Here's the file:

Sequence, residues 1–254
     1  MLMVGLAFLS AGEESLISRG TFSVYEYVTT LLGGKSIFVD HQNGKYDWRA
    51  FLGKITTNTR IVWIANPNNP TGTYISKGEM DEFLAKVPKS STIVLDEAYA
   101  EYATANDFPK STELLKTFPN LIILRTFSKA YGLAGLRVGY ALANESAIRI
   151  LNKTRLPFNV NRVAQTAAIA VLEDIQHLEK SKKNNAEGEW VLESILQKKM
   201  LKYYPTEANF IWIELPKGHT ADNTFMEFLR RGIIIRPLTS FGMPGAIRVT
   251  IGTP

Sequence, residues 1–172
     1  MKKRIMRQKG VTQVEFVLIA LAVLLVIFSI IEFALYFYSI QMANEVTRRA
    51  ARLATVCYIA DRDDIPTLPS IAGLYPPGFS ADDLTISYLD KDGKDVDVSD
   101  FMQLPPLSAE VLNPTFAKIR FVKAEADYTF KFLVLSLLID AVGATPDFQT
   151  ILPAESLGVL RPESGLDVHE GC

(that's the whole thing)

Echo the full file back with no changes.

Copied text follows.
Sequence, residues 1–254
     1  MLMVGLAFLS AGEESLISRG TFSVYEYVTT LLGGKSIFVD HQNGKYDWRA
    51  FLGKITTNTR IVWIANPNNP TGTYISKGEM DEFLAKVPKS STIVLDEAYA
   101  EYATANDFPK STELLKTFPN LIILRTFSKA YGLAGLRVGY ALANESAIRI
   151  LNKTRLPFNV NRVAQTAAIA VLEDIQHLEK SKKNNAEGEW VLESILQKKM
   201  LKYYPTEANF IWIELPKGHT ADNTFMEFLR RGIIIRPLTS FGMPGAIRVT
   251  IGTP

Sequence, residues 1–172
     1  MKKRIMRQKG VTQVEFVLIA LAVLLVIFSI IEFALYFYSI QMANEVTRRA
    51  ARLATVCYIA DRDDIPTLPS IAGLYPPGFS ADDLTISYLD KDGKDVDVSD
   101  FMQLPPLSAE VLNPTFAKIR FVKAEADYTF KFLVLSLLID AVGATPDFQT
   151  ILPAESLGVL RPESGLDVHE GC